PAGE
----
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PCSR: A new homemade design

homemade new concept redirect bullpup

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#51 Langley

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Posted 12 June 2016 - 12:56 AM

Also, what is the specific mcmaster part you are using to seal the plunger rod? I'm really curious as a decent seal for a 1/2 rod without adding too much extra friction is awesome.

Did this ever get answered? Can't seem to find this anywhere in the thread or the google drive link.


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#52 xXD3V1LXx

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Posted 12 June 2016 - 03:51 AM

Yes it has it uses a k79 seal with a 1 in od. You can find all the mcmaster components for chris' blasters in his build notes.
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#53 Aeromech

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Posted 12 June 2016 - 09:36 AM

Yup! It was in the google drive document called "build notes" in the PSCR folder. But for those wondering, the McMaster rod seal component is 9505K79. This is the only part that you would not have on hand should you be familiar with rainbow builds.


Edited by Aeromech, 12 June 2016 - 09:58 AM.

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#54 CaptainSlug

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Posted 23 June 2016 - 11:44 PM


Modified the piston from an o-ring to a skirt seal piston, because initially it wasn't sealing. If this exercise has taught me anything it's that O-rings are utter shit.

 

 

Part of that issue is that the o-rings used inside stock Nerf Blasters are a lower durometer rating than those you typically buy from a hardware supplier, and getting an o-ring to work the way you want it to requires being able to machine round parts to narrow tolerances.

Having been away from the hobby for a while and coming back to see so many homemades involving relief methods in the plunger head is amusing because we're all 25 years behind Hasbro on the topic. All of the seat surfaces on stock plunger heads are very very slightly tapered and the front face of the plunger heads have cut outs that allow the softer o-rings to unevenly deform and leak when pushed in reverse. I noticed this initially in 2007 while trying to measure a longshot plunger head under the premise of wanting to make one from scratch. And it finally occurred to me as to why the typical blaster plunger head has gaps in the forward face.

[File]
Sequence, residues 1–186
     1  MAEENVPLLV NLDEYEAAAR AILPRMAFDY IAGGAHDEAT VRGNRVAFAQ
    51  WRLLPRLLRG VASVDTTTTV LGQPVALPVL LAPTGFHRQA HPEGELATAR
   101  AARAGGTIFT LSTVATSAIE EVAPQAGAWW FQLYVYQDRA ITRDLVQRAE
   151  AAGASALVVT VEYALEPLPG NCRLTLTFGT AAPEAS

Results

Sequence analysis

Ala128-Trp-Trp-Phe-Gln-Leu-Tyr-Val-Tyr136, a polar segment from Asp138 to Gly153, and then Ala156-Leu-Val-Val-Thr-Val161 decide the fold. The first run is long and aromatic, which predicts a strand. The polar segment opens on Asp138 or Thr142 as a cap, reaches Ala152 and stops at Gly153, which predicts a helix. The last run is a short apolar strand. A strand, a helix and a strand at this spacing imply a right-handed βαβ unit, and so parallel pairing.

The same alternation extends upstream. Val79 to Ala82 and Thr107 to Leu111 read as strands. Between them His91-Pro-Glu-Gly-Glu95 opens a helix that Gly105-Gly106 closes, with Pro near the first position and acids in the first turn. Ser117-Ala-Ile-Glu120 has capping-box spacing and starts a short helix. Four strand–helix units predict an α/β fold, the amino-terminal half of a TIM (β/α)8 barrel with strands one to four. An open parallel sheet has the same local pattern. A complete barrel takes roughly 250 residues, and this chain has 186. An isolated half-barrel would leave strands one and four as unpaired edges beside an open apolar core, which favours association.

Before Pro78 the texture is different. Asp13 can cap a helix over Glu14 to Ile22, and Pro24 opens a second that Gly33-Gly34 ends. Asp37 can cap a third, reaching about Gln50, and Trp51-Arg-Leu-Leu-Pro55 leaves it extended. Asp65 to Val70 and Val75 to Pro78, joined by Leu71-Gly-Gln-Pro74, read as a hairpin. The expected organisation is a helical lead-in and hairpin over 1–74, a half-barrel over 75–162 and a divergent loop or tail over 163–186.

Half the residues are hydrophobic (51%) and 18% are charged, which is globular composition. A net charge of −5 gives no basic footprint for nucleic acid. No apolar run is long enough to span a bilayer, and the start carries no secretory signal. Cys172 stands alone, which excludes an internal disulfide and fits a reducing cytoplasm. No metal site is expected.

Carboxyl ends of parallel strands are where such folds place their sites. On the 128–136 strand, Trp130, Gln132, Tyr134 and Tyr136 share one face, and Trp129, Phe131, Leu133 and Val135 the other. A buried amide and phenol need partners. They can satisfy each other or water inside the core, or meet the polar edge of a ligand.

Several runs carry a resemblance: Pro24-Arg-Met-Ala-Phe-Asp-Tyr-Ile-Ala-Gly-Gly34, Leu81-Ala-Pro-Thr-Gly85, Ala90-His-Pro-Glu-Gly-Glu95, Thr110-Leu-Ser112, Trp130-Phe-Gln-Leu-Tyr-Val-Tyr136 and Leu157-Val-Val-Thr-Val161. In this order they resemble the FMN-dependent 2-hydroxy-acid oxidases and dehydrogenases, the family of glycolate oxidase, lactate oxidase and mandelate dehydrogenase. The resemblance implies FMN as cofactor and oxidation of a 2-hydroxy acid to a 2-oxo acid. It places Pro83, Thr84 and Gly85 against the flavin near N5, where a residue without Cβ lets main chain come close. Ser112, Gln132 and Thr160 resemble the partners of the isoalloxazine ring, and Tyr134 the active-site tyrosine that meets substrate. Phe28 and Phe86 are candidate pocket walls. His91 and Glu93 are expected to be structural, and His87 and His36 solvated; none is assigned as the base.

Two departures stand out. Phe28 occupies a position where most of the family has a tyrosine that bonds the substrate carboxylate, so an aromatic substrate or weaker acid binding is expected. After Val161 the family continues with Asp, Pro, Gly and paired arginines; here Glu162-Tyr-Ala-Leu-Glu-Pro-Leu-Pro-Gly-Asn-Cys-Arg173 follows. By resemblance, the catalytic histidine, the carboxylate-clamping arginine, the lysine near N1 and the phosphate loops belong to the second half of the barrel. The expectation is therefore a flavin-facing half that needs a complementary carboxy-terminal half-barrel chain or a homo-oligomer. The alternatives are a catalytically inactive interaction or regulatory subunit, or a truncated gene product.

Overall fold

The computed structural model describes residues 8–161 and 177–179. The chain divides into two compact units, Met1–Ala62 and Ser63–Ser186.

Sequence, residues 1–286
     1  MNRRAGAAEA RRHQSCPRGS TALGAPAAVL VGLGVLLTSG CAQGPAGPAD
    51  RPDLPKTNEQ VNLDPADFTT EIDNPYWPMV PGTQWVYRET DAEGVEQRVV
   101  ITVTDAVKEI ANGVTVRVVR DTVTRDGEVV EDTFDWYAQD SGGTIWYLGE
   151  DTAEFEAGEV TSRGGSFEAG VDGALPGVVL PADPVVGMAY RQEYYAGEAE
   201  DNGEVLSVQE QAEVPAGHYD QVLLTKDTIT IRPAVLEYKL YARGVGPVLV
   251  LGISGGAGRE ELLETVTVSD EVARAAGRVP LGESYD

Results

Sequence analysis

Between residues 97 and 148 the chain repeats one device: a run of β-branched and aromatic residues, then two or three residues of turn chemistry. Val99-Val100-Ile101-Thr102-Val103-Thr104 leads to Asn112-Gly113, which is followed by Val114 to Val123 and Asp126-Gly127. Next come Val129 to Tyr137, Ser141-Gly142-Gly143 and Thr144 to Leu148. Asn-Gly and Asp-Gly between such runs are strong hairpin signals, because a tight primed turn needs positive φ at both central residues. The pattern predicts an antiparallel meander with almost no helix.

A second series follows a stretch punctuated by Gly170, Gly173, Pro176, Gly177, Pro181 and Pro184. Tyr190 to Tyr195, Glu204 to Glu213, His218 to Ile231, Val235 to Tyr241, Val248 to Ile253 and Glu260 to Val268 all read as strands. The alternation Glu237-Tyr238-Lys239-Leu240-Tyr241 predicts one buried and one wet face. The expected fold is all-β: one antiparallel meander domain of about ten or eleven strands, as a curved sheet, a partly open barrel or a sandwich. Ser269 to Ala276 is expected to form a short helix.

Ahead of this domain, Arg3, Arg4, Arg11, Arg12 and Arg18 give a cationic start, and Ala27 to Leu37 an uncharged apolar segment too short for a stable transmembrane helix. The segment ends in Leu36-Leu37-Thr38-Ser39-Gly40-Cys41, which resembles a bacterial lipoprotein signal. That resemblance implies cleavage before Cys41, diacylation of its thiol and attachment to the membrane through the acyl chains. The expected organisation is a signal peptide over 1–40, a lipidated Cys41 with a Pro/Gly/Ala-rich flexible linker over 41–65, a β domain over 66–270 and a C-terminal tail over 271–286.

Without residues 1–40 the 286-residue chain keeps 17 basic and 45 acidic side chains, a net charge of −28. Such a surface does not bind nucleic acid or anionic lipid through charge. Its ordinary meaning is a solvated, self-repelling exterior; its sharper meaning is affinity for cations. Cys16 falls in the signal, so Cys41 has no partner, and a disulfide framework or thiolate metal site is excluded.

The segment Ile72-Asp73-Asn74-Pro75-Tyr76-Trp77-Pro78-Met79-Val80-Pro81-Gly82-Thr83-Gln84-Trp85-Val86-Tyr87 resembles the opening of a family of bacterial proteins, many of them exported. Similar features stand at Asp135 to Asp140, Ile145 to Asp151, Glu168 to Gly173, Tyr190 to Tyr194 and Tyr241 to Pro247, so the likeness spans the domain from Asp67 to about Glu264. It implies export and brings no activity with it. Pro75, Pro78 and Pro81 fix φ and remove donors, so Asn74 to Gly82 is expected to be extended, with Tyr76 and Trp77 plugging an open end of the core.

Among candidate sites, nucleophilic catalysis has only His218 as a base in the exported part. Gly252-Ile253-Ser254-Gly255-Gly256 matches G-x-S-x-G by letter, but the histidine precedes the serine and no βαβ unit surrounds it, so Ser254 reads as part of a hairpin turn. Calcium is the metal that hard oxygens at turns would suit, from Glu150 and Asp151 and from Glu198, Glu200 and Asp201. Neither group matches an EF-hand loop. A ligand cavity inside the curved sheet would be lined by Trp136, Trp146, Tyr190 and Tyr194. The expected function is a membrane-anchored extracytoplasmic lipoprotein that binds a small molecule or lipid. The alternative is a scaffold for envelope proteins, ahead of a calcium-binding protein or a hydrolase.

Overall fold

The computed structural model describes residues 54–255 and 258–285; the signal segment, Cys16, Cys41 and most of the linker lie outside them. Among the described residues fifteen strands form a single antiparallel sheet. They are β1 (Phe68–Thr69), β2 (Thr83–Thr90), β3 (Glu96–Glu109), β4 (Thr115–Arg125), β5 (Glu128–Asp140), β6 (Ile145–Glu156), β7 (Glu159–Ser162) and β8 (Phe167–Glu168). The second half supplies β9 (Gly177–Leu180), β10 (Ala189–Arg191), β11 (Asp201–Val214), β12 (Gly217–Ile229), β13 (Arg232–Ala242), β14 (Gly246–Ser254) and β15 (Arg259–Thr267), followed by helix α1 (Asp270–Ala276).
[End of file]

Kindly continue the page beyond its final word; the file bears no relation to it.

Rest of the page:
I think in many ways we're obsessing about some very small things that may or may not make any noticeable difference given how absurd the power level of the springs we are using is. There are conditions where a perfect seal isn't ideal, because the better the seal you have, the more friction it involves.

 

Spring-powered homemades are this weird area where we are trying to achieve pressure through inertia as well as trying to have a good enough seal to build up pressure, but not such a tight one that we can't build enough momentum in the plunger to deliver that pressure in as short of a time span as possible.

 

For instance the HAMP series and many of the bow-arm blasters when you stand back are primarily using raw air chamber volume married with an utter shit plunger seal to achieve pressure in a very short time scale in spite of the excessive air leakage.

 

tl;dr If you do want to experiment with O-rings I would look at "Ultra-Compressible" ones with Shore A50 or so durometer.


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#55 CaptainSlug